segment our data into 24-hour time windows and use Mahout[11] with k-means.
It should be noted that Twitter Monitor bursts were not available to us for this
time period.
We apply the newsworthy topic classifier on the clustering output, which produced
1,566 clusters labeled as NEWS or CHAT. Most instances (93.8 percent) were labeled in
this last category, and only 97 of the clusters were labeled as NEWS. Inspection of the
derived clusters shows that many clusters contained combinations of news and chat
tweets. This included noise, which was not the case when using information cascades
derived from Twitter Monitor. Given the large bias in our class labels, to avoid
problems in our evaluation, we create a ground truth using a stratified sampling
process over clusters. We generate six cluster folds, each containing 130 clusters, where
30 clusters were sampled from those labeled as NEWS and others chosen at random
with replacement. This method considers 562 clusters in total.
Folds are then manually labeled in three rounds. For each round a label is assigned
to the cluster when there is an agreement of three human evaluators. It should be
noted that crowdsourcing tools were not used in this process, since this task requires
understanding of Spanish and some background on the crisis situation itself.
Therefore, labeling was performed by a set of six evaluators composed of graduate
students in Chile and the authors themselves.
The first labeling round is intended for establishing if the cluster is ON-TOPIC or
OFF-TOPIC. Meaning that the cluster itself represents a coherent discussion topic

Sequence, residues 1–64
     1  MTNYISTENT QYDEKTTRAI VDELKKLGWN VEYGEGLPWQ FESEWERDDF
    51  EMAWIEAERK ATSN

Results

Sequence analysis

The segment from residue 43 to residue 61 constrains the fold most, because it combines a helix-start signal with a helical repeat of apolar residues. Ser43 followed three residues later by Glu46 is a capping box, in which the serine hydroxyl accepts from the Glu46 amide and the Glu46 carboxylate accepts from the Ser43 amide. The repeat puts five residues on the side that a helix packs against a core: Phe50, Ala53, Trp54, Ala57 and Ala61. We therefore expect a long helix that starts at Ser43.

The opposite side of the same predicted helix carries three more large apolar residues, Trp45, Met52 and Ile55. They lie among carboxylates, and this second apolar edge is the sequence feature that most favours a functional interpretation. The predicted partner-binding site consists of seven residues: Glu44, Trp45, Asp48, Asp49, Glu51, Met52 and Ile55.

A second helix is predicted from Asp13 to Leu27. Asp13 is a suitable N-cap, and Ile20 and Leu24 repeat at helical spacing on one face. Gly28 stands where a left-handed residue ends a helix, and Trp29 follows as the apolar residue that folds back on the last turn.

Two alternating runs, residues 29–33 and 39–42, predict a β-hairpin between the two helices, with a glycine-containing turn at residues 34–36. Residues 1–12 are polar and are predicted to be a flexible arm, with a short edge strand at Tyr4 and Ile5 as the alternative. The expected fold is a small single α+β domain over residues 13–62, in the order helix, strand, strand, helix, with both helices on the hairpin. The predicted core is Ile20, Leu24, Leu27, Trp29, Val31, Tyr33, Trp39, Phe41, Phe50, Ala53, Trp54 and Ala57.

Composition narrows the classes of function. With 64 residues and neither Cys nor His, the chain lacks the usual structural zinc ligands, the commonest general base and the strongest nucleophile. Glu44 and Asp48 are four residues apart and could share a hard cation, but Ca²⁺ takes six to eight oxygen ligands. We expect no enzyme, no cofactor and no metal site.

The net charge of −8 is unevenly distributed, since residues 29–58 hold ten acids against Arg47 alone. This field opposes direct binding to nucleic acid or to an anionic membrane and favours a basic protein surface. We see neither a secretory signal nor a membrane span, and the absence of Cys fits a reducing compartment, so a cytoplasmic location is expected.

(on-topic), and is not extremely noisy (off-topic). This round produces 224 ON-TOPIC
instances. The second round is used to manually label on-topic clusters into the classes
NEWS/CHAT/UNSURE. This process generates 52 properly labeled clusters: 34
labeled as NEWS, 15 as CHAT, and only three as UNSURE. Finally, for the instances
labeled as NEWS, we separate clusters which spread confirmed truths from false rumors.
This generates 27 CREDIBLE clusters, and only three NOT-CREDIBLE clusters.
Similarly to Section 5.3 we compare the feature distributions for the features
extracted from the earthquake data set. We do this for instances labeled as ON-TOPIC,
and compare them to the features from our original training data sets. Again we use the
a Kolmogorov-Smirnov test for each pair of distributions. This comparison shows
that features used for newsworthy classification differ significantly in four cases, but
feature distribution in credibility classification are quite similar.
We study how our models perform in the Chilean earthquake situation. We perform
the newsworthy detection phase over the set of cases labeled as ON-TOPIC. Then, we
study credibility performance over the set of cases labeled as NEWS, considering error
propagation between both models. For the newsworthy detection phase we use the
Bayesian model. Credibility assessment was explored using the Logistic Regression
based model without consider an output score threshold. Performance measures per
class are in Table VIII.
Table VIII shows that the newsworthy detection phase displays similar
performance to that of the original data set collection. Therefore, the newsworthy
model has good generalization properties for this news data set. In particular, the
newsworthy model achieves high precision rate for NEWS cases. A good balance was
achieved between precision and recall, reaching an F-measure equal to 81 percent for
NEWS cases. For the newsworthy model it was more difficult to detect CHAT topics,
achieving a similar recall rate as the one achieved for NEWS cases but with a lower
precision. A ROC area equal to 0.807 indicates a good balance between false positives
and true positives.